Preparation work for a new bridge which will improve pedestrian and cycling routes has begun as Oxford City Council aims to foster greener travel.

Oxpens River Bridge, linking Osney Mead to Oxpens and on to the city centre, presents a stride towards reducing vehicle congestion by offering locals safe and fast alternatives.

The bridge is a requirement of the Oxford Local Plan to support wider regeneration of the West End of the city.

Oxford Mail: Oxpens River BridgeOxpens River Bridge (Image: Oxford City Council)

Funds for the project are coming from the Oxfordshire Growth Deal, and all construction work must be completed by March 31, 2025.

Construction will therefore start in the summer, after planning permission for the bridge was granted.

Some trees will have to be removed or pollarded to make way for building work.

This work is to take place in the next few weeks, in advance of bird-nesting season which starts in March.

No trees earmarked for treatment are subject to Tree Preservation Orders.

Councillor Ed Turner, deputy leader and cabinet member for finance and asset management said: "I am really pleased that plans for the Oxpens River Bridge are progressing.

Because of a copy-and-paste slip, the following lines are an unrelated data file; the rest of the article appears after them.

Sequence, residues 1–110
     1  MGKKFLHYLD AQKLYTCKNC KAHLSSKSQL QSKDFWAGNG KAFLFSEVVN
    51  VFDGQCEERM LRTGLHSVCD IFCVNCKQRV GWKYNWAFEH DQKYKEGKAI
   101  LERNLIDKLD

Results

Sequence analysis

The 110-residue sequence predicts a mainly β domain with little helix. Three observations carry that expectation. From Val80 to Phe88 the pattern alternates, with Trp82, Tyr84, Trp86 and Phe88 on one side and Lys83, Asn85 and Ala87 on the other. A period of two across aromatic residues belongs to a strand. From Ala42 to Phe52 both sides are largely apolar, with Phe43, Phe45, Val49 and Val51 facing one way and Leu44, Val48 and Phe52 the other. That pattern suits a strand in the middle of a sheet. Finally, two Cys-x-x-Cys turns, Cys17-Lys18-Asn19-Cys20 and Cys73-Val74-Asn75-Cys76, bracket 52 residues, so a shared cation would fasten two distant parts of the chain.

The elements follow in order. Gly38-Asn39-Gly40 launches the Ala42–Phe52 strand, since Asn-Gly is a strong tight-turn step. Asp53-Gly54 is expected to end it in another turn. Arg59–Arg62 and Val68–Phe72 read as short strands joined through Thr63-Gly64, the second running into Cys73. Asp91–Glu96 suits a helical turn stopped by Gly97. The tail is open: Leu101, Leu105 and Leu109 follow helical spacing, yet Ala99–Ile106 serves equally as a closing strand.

"The new bridge will be a fantastic addition to the area, supporting ambitious regeneration projects nearby.

"It will become a key off-road route for people walking and cycling in and out of the city centre to the west and south.

"It will be a great way to access the tow path along the river Thames, and as it should encourage more people to walk or to get out their cycles, it will help reduce congestion on the roads."

Oxford Mail: Construction work on the bridge will start this summerConstruction work on the bridge will start this summer (Image: Oxford City Council)

He added: "I understand people may have concerns about the removal of trees.

"I can assure everyone that this has been reduced to the minimum number necessary and our plans commit to replacing the removed trees and enhancing biodiversity by the completion of the project."

The Council's tree officer and ecologist have formulated a strategy to replace every affected tree, and will also plant additional trees to maintain the level of tree canopy and biodiversity in the area.

If planning permission is delayed or denied, the Council is still committed to replacing the trees removed and ensuring that the project will lead to an increase in city tree coverage.

The Council declared a climate emergency in 2019 and recommitted to confronting the ecological emergency in September 2022.

The Council has planted more than 10,000 trees in its green spaces in recent years, and during the current tree planting season, they have already planted more than 70 trees throughout the city.